Gordon & Rees's client, a local bank, had extended a series of loans and renewals to a local developer and his wife who were building their own home. When the borrowers failed to make required payments, the bank foreclosed. Borrowers filed for bankruptcy and sued the bank, claiming that it had failed to make disclosures required by the Truth-in-Lending Act (TILA) and Real Estate Settlement Procedures Act (RESPA). This case had the additional complexity of the borrowers' causes of action having been purchased by a trust specializing in pursuing claims of this nature against lenders.
Dallas Partner Bob Bragalone and Senior Counsel Steve Lawson determined that it was very likely that all disclosures had been made in all pertinent transactions. However, of greater interest for purposes of disposing of the case were the potential statute of limitations defense and a somewhat exotic judicial estoppel defense. The latter defense emerged upon the discovery that the borrowers had not listed their claim against the bank as an asset of their respective bankrupt estates even though in their complaint - which was verified - they had claimed that the violations they were alleging were clear on the face of the lending documents at issue. Plaintiffs thus took a position in the bankruptcy (not listing the claim as an asset) opposed to their later claim of liability against the bank, judicially estopping them from asserting their TILA and RESPA claims following their discharge and the closing of the bankruptcy estates.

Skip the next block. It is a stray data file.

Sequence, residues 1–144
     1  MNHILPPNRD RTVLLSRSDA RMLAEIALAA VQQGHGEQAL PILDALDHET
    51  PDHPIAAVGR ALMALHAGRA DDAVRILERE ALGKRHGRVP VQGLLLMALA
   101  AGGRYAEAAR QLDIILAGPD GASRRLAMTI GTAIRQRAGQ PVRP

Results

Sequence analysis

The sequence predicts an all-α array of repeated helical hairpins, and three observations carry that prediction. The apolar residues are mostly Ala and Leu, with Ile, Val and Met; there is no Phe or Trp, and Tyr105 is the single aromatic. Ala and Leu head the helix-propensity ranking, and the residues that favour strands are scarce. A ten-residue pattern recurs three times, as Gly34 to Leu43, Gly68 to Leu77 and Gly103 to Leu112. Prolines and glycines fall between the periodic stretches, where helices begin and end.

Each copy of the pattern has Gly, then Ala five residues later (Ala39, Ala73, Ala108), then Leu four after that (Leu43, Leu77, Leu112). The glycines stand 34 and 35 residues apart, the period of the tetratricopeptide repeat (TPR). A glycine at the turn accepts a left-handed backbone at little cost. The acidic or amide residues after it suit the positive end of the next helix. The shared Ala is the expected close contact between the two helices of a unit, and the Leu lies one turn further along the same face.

Because they had sworn in their complaint that the violations were obvious on the face of the material instruments, they also effectively deprived themselves of any "fraudulent concealment" response to both the limitations and estoppel defenses.
When these arguments were made directly to counsel for the trust and borrower plaintiffs, counsel agreed to nonsuit the case with no money paid in settlement.